The Japan Tourism Agency is considering the introduction of an "exit tax" on people leaving the country in order to raise funds for tourism promotion overseas, it has been learned.
The new idea has surfaced as a possible way to secure funds for Prime Minister Shinzo Abe's administration's goal of making Japan a "tourism-oriented country." However, there are several challenges such as collection methods, as well as concerns that the policy might have a negative effect on the increasing numbers of tourists visiting Japan.
At a press conference on July 19, Commissioner Akihiko Tamura of the Japan Tourism Agency made it clear that the agency is considering taxing those leaving the country. "Currently, we are studying the concept by looking into cases in other countries," Tamura explained.
In May, the government drew up a tourism-related program calling for looking into measures to secure funds needed for the country's tourism policies. Consequently, the Japan Tourism Agency is now considering concrete methods for collecting funds, including whether or not to tax Japanese people when they exit the country.
In 2016, the number of foreigners who visited Japan reached about 24 million, while that of Japanese people who departed the country was some 17 million. Therefore, if an "exit tax" of 1,000 yen per person had been collected from all these people during 2016, 40 billion yen could have been raised.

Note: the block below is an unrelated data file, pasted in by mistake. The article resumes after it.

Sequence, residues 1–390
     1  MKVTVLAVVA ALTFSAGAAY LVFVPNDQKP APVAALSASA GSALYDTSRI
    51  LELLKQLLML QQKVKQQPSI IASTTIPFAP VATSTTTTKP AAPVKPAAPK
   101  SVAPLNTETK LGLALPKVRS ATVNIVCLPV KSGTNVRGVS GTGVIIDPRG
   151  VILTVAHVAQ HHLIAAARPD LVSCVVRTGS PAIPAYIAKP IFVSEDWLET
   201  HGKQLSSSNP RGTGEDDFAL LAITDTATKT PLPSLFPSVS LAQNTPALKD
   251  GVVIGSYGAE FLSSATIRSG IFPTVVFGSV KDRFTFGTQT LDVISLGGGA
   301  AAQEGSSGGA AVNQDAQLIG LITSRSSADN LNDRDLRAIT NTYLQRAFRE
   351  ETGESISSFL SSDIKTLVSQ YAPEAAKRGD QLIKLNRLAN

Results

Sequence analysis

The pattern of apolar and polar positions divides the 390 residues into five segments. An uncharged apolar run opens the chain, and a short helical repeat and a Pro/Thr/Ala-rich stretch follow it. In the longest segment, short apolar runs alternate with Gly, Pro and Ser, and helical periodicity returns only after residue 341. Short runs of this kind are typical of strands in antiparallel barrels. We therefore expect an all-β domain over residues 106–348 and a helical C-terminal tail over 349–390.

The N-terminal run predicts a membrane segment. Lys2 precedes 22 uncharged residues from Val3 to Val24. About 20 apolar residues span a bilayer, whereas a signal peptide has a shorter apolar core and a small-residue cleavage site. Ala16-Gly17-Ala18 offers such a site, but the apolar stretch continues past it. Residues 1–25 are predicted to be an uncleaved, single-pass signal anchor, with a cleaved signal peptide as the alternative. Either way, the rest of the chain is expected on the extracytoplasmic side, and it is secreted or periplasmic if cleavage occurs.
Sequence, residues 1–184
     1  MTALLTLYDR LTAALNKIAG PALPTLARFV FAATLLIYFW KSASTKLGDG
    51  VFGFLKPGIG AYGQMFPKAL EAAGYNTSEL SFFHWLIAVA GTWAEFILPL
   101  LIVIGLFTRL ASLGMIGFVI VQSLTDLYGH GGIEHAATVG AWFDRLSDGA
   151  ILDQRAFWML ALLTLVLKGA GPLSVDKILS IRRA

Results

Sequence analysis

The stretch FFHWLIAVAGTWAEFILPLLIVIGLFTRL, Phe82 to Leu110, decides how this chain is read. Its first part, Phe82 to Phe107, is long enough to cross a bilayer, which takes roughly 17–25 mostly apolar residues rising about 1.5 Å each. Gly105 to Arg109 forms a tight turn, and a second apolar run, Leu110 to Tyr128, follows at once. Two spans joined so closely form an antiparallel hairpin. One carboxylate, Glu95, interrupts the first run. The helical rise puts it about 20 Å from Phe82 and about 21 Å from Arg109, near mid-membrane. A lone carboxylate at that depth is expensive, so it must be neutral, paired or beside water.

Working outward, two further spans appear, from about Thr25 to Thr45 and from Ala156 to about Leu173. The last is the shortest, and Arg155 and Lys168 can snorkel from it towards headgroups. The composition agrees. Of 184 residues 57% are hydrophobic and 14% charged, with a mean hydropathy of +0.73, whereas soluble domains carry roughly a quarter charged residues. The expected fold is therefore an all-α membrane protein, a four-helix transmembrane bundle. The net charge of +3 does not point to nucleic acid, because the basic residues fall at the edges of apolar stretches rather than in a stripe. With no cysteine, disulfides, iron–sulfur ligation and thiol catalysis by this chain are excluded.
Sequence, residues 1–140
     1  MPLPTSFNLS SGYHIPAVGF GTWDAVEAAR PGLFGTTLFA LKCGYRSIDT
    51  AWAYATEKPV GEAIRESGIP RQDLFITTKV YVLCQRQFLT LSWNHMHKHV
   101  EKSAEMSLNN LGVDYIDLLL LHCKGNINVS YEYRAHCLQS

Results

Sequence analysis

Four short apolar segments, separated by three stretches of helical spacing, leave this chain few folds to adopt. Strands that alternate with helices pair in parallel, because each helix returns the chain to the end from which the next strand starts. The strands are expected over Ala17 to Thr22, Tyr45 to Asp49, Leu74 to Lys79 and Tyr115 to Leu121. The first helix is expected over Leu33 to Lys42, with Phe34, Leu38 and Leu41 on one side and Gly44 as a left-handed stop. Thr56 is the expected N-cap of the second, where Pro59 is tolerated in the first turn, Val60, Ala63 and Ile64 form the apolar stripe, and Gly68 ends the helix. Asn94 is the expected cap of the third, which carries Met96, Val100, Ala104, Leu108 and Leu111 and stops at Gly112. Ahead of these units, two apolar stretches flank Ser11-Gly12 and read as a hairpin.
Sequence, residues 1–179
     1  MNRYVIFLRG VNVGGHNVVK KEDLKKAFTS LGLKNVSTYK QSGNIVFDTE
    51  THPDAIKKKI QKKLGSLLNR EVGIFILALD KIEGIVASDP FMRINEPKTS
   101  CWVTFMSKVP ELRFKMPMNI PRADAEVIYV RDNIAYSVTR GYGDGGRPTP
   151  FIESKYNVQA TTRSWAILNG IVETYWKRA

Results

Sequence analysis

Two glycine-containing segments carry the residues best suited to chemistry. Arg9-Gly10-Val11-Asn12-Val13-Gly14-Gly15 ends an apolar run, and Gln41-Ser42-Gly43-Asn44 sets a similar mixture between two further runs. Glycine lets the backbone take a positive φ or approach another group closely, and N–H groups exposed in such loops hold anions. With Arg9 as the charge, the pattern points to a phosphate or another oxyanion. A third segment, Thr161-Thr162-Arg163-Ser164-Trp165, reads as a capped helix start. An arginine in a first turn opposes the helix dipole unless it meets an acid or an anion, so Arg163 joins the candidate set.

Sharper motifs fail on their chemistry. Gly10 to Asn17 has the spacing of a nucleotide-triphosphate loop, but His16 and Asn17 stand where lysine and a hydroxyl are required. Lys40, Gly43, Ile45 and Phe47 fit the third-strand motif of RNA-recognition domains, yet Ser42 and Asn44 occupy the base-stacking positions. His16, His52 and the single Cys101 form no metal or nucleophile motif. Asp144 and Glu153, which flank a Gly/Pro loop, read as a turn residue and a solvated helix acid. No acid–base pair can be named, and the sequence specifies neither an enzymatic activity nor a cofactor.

These funds could help increase Japan's inbound tourism promotion overseas, and improve systems for immigration control.
With regard to promoting tourism to Japan, one of the current challenges is trying to encourage visitors to tour regional parts of Japan, in addition to the main tourist destinations of Tokyo and Kyoto. The government recognizes the economic benefits of increasing foreign traveler numbers to regional parts of Japan, and is therefore keen to boost promotional efforts to that effect.
However, there are also a number of issues such as the fact that an exit tax cannot be easily added onto cruise tickets (although it can be added for plane tickets). In addition, some Japanese people might be unable to see the benefits of such a tax system, and for foreigners, it might make a trip to Japan seem even more expensive.
Nevertheless, numerous countries in Europe collect an exit tax through plane tickets, and South Korea taxes people leaving the country, regardless of whether the departure is through an airport or a port. In addition, in the U.S., a $14 tax is collected from visitors of countries that are participating in the Visa Waiver Program, through the Electronic System for Travel Authorization.
Looking ahead to the 2020 Tokyo Olympics and Paralympics, the government is hoping that 40 million people will visit Japan that year. The Japan Tourism Agency says, "In order to achieve this goal, we need even more effective policies than before" -- explaining that it hopes to introduce the new system in fiscal 2018, after referring first to similar tax systems overseas.